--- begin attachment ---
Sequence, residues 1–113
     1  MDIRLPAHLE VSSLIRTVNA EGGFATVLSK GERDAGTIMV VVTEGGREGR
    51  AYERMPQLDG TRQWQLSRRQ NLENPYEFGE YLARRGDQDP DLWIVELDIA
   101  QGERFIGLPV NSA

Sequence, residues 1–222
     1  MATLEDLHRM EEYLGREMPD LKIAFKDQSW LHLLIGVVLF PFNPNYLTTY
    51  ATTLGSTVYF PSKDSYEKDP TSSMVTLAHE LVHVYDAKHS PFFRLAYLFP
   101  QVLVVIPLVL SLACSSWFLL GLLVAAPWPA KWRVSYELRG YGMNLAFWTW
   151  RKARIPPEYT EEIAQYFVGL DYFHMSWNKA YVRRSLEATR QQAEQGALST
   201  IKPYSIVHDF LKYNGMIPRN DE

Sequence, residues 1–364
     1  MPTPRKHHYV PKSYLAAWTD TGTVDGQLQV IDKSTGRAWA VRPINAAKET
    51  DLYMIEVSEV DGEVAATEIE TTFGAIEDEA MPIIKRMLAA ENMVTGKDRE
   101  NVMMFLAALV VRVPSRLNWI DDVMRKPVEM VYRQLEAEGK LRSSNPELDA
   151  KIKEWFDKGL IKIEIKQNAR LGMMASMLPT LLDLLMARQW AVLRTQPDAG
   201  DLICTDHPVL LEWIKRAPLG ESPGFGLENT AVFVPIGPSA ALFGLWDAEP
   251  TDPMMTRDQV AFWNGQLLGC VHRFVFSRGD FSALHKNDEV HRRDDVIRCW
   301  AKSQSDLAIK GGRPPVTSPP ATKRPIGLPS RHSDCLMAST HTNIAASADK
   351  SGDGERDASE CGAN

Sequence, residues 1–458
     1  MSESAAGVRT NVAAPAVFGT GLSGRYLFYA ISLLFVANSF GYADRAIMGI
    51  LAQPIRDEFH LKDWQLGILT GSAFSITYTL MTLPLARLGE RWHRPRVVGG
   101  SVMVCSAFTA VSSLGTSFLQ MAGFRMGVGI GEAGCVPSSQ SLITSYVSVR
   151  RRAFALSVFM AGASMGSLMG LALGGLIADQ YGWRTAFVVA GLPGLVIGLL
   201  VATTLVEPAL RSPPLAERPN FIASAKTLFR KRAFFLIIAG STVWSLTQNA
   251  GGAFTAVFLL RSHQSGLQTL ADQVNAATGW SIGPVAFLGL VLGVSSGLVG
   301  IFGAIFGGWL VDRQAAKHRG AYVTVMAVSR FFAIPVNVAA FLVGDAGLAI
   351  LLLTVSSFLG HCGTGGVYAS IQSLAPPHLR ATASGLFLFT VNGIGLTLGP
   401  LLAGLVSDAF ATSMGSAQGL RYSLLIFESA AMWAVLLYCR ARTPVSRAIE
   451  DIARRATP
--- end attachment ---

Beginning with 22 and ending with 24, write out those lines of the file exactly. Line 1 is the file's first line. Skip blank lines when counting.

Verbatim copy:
    51  LAQPIRDEFH LKDWQLGILT GSAFSITYTL MTLPLARLGE RWHRPRVVGG
   101  SVMVCSAFTA VSSLGTSFLQ MAGFRMGVGI GEAGCVPSSQ SLITSYVSVR
   151  RRAFALSVFM AGASMGSLMG LALGGLIADQ YGWRTAFVVA GLPGLVIGLL